PayPal Is Turning Boomers Into Crypto Believers With Bitcoin Adoption

Bitcoin, Blockchain, Crypto, Cryptocurrency, Coin

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Market volatility is not a foreign concept when it comes to Bitcoin (BITCOMP). Rather, it’s this volatility that piqued the interest of many traders and investors. This interest mostly came from millennials and the Gen Z demographic, who helped drive Bitcoin’s bullish price over the years. Even in 2020 where global sanctions are imposed in lieu of the COVID-19 pandemic, Bitcoin continues to rise amidst economic uncertainties.

Adoption has been growing and now Bitcoin is accepted by several businesses all over the world. 

How hard is it to spend Bitcoin?

Despite its popularity, not all stores are accepting Bitcoin. Though the number is rising, local stores where you buy your daily goods most likely do not accept this currency. There are 2 common reasons for this:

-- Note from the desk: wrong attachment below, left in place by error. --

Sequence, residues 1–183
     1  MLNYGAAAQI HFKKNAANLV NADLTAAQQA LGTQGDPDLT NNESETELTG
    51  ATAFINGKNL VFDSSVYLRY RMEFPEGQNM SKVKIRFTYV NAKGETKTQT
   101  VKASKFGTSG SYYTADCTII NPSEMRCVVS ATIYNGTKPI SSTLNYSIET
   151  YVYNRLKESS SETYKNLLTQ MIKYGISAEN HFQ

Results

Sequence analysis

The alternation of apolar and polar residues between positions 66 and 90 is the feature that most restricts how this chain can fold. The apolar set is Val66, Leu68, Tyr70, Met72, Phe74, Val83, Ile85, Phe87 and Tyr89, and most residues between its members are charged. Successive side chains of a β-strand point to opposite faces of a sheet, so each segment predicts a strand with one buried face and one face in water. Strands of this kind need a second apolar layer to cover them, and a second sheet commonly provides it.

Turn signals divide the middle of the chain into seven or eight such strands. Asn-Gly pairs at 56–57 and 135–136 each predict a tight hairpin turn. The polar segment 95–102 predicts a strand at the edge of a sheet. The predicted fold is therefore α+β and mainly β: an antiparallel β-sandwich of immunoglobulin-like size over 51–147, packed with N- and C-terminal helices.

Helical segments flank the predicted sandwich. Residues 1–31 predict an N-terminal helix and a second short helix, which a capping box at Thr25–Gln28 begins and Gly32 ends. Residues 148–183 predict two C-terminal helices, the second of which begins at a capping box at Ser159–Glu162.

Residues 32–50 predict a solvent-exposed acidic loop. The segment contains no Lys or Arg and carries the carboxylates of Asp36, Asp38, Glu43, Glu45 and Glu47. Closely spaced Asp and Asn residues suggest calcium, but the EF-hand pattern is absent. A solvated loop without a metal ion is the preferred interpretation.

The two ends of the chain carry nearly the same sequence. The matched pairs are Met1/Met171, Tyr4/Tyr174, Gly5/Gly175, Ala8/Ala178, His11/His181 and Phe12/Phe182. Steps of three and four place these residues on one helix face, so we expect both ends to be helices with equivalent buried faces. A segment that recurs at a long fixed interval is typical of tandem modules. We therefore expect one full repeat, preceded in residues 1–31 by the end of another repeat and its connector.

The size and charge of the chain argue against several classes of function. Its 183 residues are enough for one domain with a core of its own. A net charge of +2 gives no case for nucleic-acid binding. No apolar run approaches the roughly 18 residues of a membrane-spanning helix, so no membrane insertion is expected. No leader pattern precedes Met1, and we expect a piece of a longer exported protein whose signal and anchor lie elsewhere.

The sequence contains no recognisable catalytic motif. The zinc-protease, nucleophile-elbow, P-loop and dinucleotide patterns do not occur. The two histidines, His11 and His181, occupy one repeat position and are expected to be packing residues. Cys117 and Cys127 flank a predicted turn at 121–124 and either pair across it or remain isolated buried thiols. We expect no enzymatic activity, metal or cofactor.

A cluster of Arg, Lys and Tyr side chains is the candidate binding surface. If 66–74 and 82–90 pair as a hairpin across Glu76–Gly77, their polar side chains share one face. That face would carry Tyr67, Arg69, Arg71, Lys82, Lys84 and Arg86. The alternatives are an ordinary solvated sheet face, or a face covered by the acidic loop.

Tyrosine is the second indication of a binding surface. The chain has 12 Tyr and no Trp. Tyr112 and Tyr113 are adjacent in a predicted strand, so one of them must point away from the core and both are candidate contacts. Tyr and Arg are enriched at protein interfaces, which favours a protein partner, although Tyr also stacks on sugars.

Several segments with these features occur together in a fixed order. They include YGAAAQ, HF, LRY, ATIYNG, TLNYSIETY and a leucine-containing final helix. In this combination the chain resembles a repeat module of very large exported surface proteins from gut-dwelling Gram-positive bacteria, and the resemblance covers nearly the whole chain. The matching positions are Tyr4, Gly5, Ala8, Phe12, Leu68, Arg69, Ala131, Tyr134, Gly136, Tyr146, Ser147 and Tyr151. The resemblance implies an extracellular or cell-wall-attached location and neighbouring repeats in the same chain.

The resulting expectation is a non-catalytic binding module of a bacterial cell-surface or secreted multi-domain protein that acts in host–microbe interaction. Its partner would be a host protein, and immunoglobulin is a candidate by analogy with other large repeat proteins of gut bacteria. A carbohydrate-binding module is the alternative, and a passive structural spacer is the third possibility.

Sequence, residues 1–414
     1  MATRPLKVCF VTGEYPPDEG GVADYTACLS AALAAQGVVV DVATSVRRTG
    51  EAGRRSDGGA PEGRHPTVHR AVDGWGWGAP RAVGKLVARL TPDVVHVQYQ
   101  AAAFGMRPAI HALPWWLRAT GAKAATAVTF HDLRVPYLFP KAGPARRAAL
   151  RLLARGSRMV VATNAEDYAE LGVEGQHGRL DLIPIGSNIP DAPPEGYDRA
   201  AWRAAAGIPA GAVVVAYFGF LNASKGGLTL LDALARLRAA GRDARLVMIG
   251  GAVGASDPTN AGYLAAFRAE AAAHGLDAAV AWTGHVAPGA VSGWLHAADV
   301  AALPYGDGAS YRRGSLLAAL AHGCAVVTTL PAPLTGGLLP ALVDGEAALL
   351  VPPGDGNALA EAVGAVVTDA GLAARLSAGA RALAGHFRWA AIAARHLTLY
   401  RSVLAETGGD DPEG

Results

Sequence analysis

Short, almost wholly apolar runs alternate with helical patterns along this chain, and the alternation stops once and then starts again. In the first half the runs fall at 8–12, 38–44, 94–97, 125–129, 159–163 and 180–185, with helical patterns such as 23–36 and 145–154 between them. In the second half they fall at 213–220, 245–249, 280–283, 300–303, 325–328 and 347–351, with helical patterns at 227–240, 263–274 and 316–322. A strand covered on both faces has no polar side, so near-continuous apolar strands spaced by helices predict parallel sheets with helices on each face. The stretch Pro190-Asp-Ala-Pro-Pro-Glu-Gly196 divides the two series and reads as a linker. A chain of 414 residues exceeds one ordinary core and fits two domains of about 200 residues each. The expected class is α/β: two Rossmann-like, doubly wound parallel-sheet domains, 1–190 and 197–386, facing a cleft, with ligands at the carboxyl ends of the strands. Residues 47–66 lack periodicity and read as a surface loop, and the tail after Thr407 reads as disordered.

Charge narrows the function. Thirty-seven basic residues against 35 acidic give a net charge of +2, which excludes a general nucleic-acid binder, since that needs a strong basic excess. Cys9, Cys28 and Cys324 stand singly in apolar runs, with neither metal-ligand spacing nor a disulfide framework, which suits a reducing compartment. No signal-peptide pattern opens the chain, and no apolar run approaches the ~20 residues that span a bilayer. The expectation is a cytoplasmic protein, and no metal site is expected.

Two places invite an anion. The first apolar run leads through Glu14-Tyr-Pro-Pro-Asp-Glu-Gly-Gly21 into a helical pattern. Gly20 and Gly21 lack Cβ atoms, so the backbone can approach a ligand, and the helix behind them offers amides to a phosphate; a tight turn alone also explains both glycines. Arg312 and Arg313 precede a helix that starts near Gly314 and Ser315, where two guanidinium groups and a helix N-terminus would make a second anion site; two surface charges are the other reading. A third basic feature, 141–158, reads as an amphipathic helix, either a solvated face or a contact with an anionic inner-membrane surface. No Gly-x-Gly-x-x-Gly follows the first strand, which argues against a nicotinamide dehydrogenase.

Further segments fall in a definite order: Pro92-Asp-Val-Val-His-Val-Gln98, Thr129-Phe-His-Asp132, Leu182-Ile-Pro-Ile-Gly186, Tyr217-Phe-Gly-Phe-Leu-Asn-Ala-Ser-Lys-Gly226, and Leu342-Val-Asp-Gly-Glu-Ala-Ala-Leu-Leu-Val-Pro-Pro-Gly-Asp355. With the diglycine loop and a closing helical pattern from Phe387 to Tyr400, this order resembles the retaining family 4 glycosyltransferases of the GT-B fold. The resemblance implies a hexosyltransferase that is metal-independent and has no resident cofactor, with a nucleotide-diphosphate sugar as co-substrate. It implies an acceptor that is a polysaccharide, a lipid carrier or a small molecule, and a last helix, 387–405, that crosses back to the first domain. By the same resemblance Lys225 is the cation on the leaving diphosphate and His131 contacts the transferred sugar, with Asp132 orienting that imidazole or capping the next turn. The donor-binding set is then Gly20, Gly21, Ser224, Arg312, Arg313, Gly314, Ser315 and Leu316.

1. Some Store Owners are Afraid that it’ll Lose Value.

One of the main concerns is its volatility. Bitcoin’s value could surge up to 30% overnight, and then it could go down just as easily in a matter of hours. As a result, quite a number of established businesses were hesitant to accept it. In fact, around the early 2010’s, most spenders needed to convert Bitcoin into fiat to buy goods and services.

Something to keep in mind, however, is that in the last ten years or so, many fiat currencies actually lost value while Bitcoin just kept rising.

  1. The Technology is A Bit Tricky to Understand.

The learning curve is steep when diving into blockchain technology and cryptocurrency. This is a major hindrance for people to use Bitcoin. Given that this technology is relatively new, there are still many areas that needed to be improved on. For example, there needs to be a better safety net in case you lose your private keys (losing access to your private keys could mean that your money’s gone for good).

With such limitations, boomers were hesitant to trust cryptocurrency in general. This may be viewed as a loss to the crypto market since it missed out on a wealthier demographic. In the U.S. alone, the boomer generation accounts for up to 70% of the nation’s disposable income. For these reasons, Bitcoin is viewed as an asset rather than an instrument of exchange. 

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